Your voice can light up the darkness, your truth set someone free. Never underestimate the power you hold when you rise up for yourself and those around you.

Andrea Chmelik

As a public speaker, I’ve given speeches, led workshops, and been a panelist for numerous organizations, including Central Coast Writers Conference, Ecologistics, Cal Poly Women in Business annual Women in Leadership conference, and Change the Status Quo social justice conference. As a writer and an activist, I recognize the obligation to use my voice and my words, and speak truth to power without fear or hesitation. I share my experience in hopes to inspire, uplift and empower.

March to the Polls Speech, November 2018

I was born in Czechoslovakia, a country that no longer exists, in 1979. At that time, the voter turnout in elections was 99.5%. There was only one party to vote for. Ballots were pre-printed with the names of candidates chosen to win. People who didn’t turn out to vote were blacklisted and punished, along with their families. Everyone voted. Yet for over four decades, nobody could speak their truth.

I came to the United States in 2002. I made new friends, built new relationships, embraced new culture and put down new roots. But no matter how invested in my new community, as an immigrant, I could not vote. I had to rely on those around me to make decisions about what ultimately was my life and my future. I got my citizenship in 2015. The 2016 presidential election was the first one I was eligible to participate in. And while the results were not what I was hoping to see, I knew with absolute certainty that I would never let anyone take my voice or my vote away again.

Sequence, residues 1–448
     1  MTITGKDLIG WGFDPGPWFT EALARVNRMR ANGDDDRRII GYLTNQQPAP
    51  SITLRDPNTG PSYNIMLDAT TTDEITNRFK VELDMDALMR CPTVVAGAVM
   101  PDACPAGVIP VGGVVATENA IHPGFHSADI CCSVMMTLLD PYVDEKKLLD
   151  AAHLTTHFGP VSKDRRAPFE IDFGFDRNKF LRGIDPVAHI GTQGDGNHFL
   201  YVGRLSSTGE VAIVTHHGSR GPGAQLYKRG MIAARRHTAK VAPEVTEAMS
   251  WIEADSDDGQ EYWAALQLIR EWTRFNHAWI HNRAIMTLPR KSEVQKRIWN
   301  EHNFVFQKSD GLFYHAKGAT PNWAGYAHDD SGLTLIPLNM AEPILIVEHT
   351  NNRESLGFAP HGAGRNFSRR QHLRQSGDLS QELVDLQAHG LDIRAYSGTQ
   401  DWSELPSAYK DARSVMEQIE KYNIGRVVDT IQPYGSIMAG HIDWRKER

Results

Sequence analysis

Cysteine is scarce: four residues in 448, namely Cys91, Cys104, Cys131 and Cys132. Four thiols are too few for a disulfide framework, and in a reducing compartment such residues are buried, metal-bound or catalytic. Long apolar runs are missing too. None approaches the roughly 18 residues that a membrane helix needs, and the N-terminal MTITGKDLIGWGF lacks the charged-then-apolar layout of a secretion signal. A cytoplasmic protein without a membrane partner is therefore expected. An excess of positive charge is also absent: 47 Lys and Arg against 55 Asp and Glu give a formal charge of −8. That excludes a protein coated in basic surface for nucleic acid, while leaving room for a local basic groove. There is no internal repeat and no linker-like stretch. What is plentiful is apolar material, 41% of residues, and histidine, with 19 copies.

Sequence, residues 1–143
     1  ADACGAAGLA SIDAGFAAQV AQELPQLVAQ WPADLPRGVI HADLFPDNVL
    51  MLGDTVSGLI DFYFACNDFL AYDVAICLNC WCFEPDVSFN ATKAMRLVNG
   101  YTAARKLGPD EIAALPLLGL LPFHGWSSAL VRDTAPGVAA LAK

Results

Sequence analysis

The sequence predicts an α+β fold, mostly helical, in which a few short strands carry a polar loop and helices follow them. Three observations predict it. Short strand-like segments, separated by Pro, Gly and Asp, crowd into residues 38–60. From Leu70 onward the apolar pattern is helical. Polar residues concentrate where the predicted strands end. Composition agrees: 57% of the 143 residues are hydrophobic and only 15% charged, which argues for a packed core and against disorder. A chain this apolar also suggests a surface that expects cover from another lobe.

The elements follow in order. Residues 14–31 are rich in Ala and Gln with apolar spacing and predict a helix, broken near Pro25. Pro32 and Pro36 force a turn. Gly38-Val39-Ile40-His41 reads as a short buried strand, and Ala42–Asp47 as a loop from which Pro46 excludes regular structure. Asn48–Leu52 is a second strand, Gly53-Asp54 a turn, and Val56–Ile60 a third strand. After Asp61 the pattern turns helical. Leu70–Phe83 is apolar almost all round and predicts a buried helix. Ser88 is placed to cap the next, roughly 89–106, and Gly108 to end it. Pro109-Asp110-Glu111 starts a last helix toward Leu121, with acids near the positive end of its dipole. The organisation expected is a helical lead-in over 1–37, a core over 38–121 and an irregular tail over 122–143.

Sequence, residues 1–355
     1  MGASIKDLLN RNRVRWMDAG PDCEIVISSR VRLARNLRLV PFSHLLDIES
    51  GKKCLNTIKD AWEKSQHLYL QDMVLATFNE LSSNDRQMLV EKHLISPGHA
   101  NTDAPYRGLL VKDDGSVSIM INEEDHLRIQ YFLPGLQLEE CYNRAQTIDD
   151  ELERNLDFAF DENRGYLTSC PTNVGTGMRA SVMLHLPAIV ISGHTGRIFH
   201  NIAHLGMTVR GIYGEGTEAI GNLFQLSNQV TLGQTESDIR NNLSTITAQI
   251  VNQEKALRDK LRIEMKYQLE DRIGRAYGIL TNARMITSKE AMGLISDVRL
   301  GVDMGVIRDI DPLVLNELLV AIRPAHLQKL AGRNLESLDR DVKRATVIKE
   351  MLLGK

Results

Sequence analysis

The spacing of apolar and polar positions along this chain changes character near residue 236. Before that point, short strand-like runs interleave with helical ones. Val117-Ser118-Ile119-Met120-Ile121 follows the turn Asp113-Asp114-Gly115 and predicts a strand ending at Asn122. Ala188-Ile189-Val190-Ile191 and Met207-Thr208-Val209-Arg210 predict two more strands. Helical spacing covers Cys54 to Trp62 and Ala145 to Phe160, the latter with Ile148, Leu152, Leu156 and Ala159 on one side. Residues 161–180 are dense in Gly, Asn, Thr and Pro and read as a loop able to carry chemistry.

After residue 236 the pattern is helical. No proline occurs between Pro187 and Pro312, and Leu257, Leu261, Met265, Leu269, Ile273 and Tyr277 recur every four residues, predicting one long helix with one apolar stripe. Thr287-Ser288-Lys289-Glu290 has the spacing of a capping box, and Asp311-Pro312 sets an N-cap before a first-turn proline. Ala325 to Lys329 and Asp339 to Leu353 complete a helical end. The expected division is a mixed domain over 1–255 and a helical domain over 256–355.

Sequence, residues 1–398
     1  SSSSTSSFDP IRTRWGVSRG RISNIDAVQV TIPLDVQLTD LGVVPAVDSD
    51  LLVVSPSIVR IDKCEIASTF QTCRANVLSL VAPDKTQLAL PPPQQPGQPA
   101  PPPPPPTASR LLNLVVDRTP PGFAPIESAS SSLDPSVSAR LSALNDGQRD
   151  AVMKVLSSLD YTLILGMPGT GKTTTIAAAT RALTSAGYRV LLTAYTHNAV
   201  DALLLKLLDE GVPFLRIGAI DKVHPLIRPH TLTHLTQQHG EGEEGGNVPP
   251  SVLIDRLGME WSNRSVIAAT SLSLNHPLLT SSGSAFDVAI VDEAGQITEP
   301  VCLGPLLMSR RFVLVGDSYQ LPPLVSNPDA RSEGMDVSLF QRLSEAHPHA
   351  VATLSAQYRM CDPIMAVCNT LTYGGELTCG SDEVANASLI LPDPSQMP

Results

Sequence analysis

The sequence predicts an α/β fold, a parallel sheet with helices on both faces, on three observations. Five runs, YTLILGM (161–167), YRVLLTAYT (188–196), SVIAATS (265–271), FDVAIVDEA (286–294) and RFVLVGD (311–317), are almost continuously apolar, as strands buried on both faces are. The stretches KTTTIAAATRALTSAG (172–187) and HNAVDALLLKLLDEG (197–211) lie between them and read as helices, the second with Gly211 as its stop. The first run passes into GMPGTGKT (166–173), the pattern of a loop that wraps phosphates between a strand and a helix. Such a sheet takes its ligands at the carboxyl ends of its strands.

I often hear people – both here and back in my home country – say, “My vote doesn’t matter. My voice doesn’t matter. The system is bigger than I am.” But the system is what we make it to be. Yes – it’s far from perfect. It was handed to us as a patchwork of experiments, some successful and some complete failures. It has been and continues to be discriminatory. But we can’t wait until the system is perfect before we get engaged. If you are not the architect of your own destiny, you will end up living in a structure somebody else designed for you.

Back in Czechoslovakia, it was the voices of those who refused to be silenced that made a difference in the end. It was their resilience that ended totalitarian regime and restored democracy. Here in the United States, it must be every single one of us. If you are eligible to vote, you carry the responsibility to make the best possible decision for a bright and just future for everyone in your community. For those you love, but also for those you disagree with. For those who are your close friends and for those you’ve never met. For those who can cast their own votes, and for those who – for so many different reasons – cannot.

Vaclav Havel, Czech writer, dissident and the president of post-communist Czechoslovakia, once said, “Hope is definitely not the same thing as optimism. It is not the conviction that something will turn out well, but the certainty that something makes sense, regardless of how it turns out.”

Today, as we take part in our democracy and cast our votes, I am both hopeful and optimistic. The system won’t be perfect after this election, or the next. But making our voice and our vote heard makes sense, and we will continue our work regardless of how it turns out.